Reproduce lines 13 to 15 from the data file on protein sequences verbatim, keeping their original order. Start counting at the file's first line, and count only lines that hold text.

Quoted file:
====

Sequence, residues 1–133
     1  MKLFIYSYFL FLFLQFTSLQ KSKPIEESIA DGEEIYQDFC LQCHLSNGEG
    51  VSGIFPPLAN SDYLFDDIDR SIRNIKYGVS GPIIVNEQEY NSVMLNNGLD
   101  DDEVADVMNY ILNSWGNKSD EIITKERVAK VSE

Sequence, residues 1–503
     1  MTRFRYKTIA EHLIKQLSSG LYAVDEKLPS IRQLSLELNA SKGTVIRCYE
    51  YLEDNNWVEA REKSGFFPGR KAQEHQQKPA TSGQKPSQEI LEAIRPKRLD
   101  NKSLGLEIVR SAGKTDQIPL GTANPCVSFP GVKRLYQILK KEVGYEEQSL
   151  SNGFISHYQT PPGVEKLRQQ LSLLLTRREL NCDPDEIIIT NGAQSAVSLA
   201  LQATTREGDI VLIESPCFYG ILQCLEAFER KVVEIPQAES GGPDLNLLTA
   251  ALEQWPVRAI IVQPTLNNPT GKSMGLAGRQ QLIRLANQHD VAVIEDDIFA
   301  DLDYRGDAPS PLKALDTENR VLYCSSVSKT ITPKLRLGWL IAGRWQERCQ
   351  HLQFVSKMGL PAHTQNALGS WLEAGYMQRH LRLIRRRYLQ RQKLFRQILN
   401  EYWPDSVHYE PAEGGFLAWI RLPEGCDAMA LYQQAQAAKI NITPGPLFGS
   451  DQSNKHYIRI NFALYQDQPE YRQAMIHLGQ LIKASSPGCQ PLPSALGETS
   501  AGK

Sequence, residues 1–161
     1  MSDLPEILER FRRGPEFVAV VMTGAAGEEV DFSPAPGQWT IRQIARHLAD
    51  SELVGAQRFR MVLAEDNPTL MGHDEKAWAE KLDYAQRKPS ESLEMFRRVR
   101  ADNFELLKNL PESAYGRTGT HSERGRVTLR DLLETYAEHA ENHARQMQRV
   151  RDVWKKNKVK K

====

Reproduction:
   351  HLQFVSKMGL PAHTQNALGS WLEAGYMQRH LRLIRRRYLQ RQKLFRQILN
   401  EYWPDSVHYE PAEGGFLAWI RLPEGCDAMA LYQQAQAAKI NITPGPLFGS
   451  DQSNKHYIRI NFALYQDQPE YRQAMIHLGQ LIKASSPGCQ PLPSALGETS